How to explain the existence of a 20,000-acre nature preserve with a smattering of homes and a superlative golf course a short distance from the most coveted address in American golf? Patient money and pure serendipity led to the creation of Santa Lucia Preserve in Carmel, Calif., its western boundary a mere three miles from Pebble Beach.
Tucked in the temperate coastal foothills of the Santa Lucia Range, the Preserve can be likened to a modern-day Shangri-la. In James Hilton’s Lost Horizon, Shangri-la is a remote, beautiful but imaginary land where life approaches perfection. The Preserve is no pipe dream. It is real. All 31 square miles of it. That’s roughly the size of the Monterey Peninsula itself, or one and one-half times the size of Manhattan, its diametric opposite. Billed as “the nation’s first community preserve,” this majestic enclave has, since its inception in 2000, established itself as one of the most favored communities in America. An inventory of its natural assets and preservationist leanings would gladden the heart of the most ardent tree-hugger.
First, some history. Archaeological discoveries suggest that the Monterey Peninsula’s earliest aboriginal villages were situated along the shore of the Del Monte Forest. Fifteen centuries ago, the Ohlone Indians established their village of Echilat on what are now the Preserve’s central plains.
The region slumbered until 1770, when Franciscan missionaries came ashore at Monterey. They were followed by Spanish settlers who were drawn to the region’s riverside grasslands and pastures. By the 1830’s, Mexican land grants covered a major portion of the Preserve. This was the time of vaqueros and fiestas. In the late 1800’s, a cattle-ranching baron consolidated the ranchos into a single 20,000-acre holding. During the Roaring Twenties, a social lion named George Gordon Moore transformed the ranch into a polo center, hunting preserve and lavish retreat where bootleg bourbon fueled all-night parties. (Scholars have suggested that Moore may have inspired the portrait of the tragic hero in The Great Gatsby, F. Scott Fitzgerald’s novel).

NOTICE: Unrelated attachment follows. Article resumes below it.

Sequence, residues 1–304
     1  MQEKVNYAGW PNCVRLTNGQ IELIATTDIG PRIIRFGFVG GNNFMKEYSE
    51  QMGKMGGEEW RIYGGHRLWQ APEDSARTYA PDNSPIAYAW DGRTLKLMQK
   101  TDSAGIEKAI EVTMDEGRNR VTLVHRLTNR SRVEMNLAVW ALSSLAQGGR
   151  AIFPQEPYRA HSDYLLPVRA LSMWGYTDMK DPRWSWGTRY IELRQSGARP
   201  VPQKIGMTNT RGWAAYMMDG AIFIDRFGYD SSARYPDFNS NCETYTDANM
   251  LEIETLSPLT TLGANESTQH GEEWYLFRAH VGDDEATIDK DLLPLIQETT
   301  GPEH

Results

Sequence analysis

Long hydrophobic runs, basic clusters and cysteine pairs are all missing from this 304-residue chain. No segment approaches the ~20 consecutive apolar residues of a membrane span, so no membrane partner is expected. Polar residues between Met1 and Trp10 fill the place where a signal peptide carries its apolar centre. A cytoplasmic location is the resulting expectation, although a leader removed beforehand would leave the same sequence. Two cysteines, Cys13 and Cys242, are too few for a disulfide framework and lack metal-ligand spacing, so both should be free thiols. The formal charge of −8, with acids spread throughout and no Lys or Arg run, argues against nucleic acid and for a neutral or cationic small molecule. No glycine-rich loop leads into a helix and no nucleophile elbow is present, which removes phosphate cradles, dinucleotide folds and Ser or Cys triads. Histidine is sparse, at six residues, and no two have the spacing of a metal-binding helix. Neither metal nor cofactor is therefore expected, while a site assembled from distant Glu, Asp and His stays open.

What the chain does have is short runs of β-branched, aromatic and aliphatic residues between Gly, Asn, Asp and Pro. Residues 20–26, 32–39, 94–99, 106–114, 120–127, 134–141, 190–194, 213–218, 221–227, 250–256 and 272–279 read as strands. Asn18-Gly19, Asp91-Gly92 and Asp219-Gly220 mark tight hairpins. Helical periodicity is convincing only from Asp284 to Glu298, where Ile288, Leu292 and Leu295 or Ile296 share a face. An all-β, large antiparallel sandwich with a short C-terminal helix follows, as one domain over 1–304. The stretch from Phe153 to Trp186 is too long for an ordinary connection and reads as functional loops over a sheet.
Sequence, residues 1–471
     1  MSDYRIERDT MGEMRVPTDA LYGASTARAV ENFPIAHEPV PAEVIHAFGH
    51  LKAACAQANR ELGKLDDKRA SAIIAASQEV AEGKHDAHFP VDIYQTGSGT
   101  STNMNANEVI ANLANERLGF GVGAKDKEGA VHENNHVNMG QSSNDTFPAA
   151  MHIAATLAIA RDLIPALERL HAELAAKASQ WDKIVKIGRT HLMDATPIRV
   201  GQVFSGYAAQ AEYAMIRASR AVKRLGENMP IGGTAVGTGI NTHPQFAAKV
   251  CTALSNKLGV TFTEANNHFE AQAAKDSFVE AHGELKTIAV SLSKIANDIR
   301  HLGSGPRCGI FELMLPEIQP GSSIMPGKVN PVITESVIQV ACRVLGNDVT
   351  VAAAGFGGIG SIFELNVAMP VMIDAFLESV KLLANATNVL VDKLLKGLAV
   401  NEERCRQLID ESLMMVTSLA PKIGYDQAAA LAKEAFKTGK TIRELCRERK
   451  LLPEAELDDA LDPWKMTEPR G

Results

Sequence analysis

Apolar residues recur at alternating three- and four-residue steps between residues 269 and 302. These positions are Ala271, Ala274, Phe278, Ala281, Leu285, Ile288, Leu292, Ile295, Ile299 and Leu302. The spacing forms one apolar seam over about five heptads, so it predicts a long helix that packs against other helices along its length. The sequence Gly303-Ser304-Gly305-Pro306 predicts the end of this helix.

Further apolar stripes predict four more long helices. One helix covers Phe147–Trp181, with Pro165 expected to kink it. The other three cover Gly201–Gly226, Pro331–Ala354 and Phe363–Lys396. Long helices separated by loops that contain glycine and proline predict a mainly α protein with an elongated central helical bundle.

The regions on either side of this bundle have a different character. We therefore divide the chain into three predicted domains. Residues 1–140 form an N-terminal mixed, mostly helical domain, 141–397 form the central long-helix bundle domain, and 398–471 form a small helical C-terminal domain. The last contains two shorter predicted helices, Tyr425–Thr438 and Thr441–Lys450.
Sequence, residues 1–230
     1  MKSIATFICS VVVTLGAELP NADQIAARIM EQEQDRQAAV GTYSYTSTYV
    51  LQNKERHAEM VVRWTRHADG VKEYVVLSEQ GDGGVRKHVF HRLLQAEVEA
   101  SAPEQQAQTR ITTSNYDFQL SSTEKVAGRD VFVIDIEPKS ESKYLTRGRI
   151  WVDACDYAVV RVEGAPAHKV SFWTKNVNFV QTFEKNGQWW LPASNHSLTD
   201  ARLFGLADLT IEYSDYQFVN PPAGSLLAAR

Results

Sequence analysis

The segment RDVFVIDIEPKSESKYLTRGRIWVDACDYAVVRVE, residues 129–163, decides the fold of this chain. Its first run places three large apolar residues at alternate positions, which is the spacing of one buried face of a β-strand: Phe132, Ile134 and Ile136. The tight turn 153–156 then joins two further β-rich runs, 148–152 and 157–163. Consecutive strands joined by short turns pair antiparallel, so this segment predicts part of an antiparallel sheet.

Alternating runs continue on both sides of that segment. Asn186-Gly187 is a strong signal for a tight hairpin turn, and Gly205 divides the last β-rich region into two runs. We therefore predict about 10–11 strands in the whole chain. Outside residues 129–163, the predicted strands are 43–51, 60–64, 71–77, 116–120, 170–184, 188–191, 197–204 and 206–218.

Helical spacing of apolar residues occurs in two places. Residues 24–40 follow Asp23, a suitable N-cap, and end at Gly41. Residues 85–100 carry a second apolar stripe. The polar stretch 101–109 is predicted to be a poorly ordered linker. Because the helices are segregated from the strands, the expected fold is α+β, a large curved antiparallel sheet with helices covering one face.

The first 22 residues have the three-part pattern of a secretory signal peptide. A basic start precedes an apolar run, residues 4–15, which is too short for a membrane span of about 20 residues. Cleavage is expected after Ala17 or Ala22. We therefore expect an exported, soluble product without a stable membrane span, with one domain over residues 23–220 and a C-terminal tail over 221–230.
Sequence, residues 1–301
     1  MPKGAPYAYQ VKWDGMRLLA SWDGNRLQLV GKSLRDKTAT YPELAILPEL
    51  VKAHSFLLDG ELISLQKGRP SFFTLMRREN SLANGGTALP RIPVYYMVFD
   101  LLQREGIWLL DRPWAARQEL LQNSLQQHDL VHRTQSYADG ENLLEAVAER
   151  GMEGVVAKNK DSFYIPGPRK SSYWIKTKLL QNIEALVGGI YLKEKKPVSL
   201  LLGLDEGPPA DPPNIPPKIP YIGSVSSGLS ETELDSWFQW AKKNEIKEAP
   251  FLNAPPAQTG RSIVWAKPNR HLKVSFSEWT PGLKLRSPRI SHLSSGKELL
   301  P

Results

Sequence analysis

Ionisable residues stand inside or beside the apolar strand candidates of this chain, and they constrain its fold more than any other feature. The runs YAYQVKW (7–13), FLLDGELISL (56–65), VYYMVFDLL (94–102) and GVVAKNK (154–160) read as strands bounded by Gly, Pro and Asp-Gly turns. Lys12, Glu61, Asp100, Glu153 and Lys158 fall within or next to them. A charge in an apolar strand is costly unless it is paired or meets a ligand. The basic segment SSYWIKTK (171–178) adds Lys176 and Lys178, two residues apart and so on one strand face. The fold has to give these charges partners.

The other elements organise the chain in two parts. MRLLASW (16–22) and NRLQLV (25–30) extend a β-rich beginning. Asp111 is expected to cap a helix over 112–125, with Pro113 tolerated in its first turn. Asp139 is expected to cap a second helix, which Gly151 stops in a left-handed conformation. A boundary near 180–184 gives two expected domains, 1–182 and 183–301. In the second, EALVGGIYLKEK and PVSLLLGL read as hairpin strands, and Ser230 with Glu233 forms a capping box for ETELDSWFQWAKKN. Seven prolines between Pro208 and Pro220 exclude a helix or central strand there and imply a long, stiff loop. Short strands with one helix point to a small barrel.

While land holdings throughout the Carmel Valley region were routinely subdivided in the ensuring years, by some iracle the 20,000 acres at Rancho San Carlos, as it was known, remained intact. Within this exalted expanse, which rises from 100 to 3,000 feet along a spidery road that winds through the hills, the grasslands and chaparral give way to groves of oak, pine and towering redwood. It is essentially an 18th-century landscape little changed from the time the Spanish padres arrived. The vast tract contains 54 distinct habitats virtually hidden from the outside world by the sheltering ridges of the Santa Lucia Range. Buffered by the Big Sur Land Trust, U.S. Forest Service lands and a regional park district, the Preserve’s sightlines will remain undisturbed.
Tom Gray, one of the Preserve’s visionary developers and a long-time community resident, says, “My first impression was astonishment that 20,000 acres had somehow fallen through time without being changed very much other than as a cattle ranch.”
Vast tracts of undeveloped land are rare in these parts
Under the stewardship of the Santa Lucia Conservancy, established by the developers to conserve and sustain one of the largest private land holdings in coastal California, 18,000 acres has been set aside to protect the site’s wildlife habitats in perpetuity. Two-thirds of this total acreage, comprising the richest natural resources, is owned by the Conservancy. A 6,000-acre parcel is privately owned and held under the management of the Conservancy through conservation easements. The remaining 2,000 acres of the Preserve—a mere one-tenth of the total land mass—is devoted to residences, recreation and community services.
Just 300 families and their guests are free to enjoy the Preserve’s active lifestyle pursuits, including a lay-of-the-land golf course, a fitness center with tennis courts and swimming, an equestrian center with stables, arena and pasture, and more than 100 miles of hiking and riding trails. There’s also elegant lodging and dining available for members and guests at the club’s restored 1924 Hacienda.
The community tends to attract residents with some connection to California who value elbow room, lovely pastoral settings and respite from the hectic pace of modern life. (It is perhaps serendipitous that cell phone reception at the Preserve is sketchy).